Latest Rhino Poaching and Conservations News
The rangers of South Africa refuse to give up on their ongoing battle against rhino poaching in South Africa and Kruger National Park. Despite the rescue efforts and extra funding, rhino poaching is now at an all time high, leaving conservationists with no choice but to dehorn rhino in order to protect the species.
Protecting rhino from poachers has become part of the South African Government's National Development plan, as well as its environmental assets. Four Squirrel helicopters and new night vision equipment are among the latest efforts by the rangers of Kruger National Park to fight the battle against poaching. Poachers are currently winning the battle as rhino poaching increased by 30% in Kruger National Park, as of October 2015, yet the rangers of KNP insists that this battle is still far from over.
A number of rhino will be moved to safer locations in private game reserves to protect them from poachers. The rangers of KNP believe that there are 12 - 15 groups of poachers that operate within the park. They hunt in groups of 3 and are armed with hunting rifles and silencers.
The Hoedspruit Endangered Species Centre rescues and cares for young rhino that are orphaned. The location of these young orphaned rhino is a secret as one of the orphans were already victim to poachers. The orphans are kept under 24-hour surveillance and their progress can be witnessed via the live rhino cam at Africam.
The recent increase in rhino poaching has resulted in numerous discussions over how to combat this threat to wildlife. Nature conservationists support the theory that the translocation of rhino to safe havens will save the species from poachers, whereas government officials remain skeptical as to whether these operations are worth the time, money and effort.
Environmental Affairs Minister, Edna Molewa, voiced possible solutions to the problem of rhino poaching. She said "South Africa is considering a range of rhino strongholds, inclusive of national parks, provincial reserves, communal areas and private reserves" and added that the Department of Environmental Affairs was also looking into the benefits of moving some rhino out of the country.
South Africa is currently in talks with neighbouring Botswana and Zambia about possible translocation of rhino to these countries. Sam Ferreira, South African National Parks' large mammal ecologist, said that up to 500 rhino could be removed from the country.
Out of the 631 rhinos that had been killed by poachers between January and 6 August 2014, a shocking amount of 408 were killed in the Kruger National Park. Ferreira said that in order to protect these species, they would have to be removed from areas where they are in threat of being poached.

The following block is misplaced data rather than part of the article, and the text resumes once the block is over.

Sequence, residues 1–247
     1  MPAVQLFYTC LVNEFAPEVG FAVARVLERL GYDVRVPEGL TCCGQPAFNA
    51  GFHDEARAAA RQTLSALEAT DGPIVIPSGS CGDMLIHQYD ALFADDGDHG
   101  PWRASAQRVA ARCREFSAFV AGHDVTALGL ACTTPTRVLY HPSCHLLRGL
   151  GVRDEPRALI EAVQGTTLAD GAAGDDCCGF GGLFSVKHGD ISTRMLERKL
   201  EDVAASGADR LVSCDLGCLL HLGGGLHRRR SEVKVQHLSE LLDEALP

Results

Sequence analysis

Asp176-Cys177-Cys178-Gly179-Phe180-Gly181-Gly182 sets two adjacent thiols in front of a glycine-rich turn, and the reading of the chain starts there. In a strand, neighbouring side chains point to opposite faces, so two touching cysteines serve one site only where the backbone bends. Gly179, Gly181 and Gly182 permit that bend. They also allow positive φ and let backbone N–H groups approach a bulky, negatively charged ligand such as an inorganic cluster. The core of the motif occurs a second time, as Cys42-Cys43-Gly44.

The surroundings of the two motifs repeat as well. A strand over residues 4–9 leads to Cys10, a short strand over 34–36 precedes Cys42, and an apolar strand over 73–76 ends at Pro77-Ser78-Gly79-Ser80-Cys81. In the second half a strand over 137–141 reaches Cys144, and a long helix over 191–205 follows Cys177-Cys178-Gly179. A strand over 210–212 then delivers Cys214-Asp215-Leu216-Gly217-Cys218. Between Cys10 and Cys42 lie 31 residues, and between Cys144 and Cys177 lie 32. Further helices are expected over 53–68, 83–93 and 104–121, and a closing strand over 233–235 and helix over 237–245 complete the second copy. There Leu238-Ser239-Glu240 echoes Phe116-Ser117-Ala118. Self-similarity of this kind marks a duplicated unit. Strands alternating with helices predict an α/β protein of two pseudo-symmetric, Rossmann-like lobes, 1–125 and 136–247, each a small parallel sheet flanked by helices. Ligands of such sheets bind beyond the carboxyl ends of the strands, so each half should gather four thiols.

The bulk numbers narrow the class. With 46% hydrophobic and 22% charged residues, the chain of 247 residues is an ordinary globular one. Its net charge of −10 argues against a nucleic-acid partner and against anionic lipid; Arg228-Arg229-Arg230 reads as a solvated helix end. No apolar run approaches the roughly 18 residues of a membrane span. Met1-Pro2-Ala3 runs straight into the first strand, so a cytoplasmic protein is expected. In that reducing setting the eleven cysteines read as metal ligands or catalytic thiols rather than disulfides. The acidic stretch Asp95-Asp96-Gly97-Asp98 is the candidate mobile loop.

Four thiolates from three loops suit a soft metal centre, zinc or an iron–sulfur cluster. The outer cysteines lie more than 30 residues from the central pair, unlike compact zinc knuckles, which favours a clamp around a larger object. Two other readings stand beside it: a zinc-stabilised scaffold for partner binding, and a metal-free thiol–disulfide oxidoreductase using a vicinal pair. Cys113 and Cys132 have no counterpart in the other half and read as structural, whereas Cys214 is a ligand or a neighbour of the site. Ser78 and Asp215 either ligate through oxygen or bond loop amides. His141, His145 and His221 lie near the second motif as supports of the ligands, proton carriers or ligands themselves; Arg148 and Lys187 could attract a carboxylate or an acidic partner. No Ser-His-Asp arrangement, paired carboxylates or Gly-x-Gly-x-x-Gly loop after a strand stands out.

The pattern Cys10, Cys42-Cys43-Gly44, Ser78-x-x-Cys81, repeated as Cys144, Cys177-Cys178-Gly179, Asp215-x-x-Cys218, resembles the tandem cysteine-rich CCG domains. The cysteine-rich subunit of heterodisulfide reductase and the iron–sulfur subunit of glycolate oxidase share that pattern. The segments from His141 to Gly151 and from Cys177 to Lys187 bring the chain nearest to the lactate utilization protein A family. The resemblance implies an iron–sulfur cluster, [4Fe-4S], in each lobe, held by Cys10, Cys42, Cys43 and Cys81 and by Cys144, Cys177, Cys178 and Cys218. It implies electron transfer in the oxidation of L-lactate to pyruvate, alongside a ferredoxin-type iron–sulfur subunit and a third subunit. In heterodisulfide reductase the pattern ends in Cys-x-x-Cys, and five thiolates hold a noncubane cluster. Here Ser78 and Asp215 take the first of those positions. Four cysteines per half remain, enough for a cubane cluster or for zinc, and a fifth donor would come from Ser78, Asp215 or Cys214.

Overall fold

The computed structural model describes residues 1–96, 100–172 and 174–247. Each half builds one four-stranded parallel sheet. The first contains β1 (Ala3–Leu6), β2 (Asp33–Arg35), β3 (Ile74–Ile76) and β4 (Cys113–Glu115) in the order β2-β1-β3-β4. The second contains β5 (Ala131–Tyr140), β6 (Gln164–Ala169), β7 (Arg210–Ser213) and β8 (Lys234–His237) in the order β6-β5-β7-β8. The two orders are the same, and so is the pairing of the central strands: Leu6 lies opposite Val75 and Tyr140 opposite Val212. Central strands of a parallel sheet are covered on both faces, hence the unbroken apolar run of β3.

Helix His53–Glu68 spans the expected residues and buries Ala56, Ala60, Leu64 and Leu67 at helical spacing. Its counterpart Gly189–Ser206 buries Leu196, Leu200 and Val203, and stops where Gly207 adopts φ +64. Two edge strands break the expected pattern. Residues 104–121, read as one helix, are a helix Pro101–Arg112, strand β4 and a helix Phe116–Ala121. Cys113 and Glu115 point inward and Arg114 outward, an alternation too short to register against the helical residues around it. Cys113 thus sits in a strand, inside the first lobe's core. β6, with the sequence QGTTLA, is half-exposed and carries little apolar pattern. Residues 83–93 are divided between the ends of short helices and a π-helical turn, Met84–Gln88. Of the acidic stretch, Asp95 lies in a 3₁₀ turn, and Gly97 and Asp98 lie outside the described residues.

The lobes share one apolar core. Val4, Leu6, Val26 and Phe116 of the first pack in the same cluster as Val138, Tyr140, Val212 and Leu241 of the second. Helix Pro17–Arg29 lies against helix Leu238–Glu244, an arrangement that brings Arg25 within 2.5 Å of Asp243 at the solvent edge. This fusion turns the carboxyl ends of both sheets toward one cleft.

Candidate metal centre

An organization called Rhinos Without Borders has emerged following the struggle to save the ever-decreasing rhino populations. The organization aims to raise funds and move 100 South African rhinos to Botswana, where poaching statistics remain relatively low. Initiated by a couple, Dereck and Beverly Joubert, who have worked with National Geographic in Botswana's Okavango Delta, the organization plans to start the translocation process in January 2015. Two tourism companies, Great Plains Conservation and &Beyond (who have recently moved rhino), will assist Rhinos Without Borders in this conservation attempt.
The idea of moving these endangered species to safe havens is one that seems plausible and along with the growth and improvement of Botswana's Defense Force, should prove to be a successful operation. However, along with these strategic plans comes an inevitable list of challenges. Financial funding is the major obstacle standing in the way of the implementation of the translocation project. Transporting one rhino from South Africa will cost about $45,000. The removed rhinos will be donated to the Botswana government, creating an additional loss for South Africa. Despite this, moving the rhino to the neighbouring country seems like a much smaller risk than leaving these grey giants exposed to the brutality of poachers.
Along with fund-raising, safety is another major concern. The placement of the rhinos needs to be carefully and secretively carried out to avoid attacks by poachers. The 100 rhino that are to be moved will be moved at different times and to different places to ensure that Botswana's Defense Force can cope with the newfound pressure being placed upon them.
In May 2014, South Africa had signed a cross-border hot pursuit agreement with Mozambique, granting each country the right to follow through in an attempt to capture suspected perpetrators. According to national police commissioner, Riah Phiyega, South African Police Service units have already started pursuing rhino poachers from the Kruger national park into Mozambique.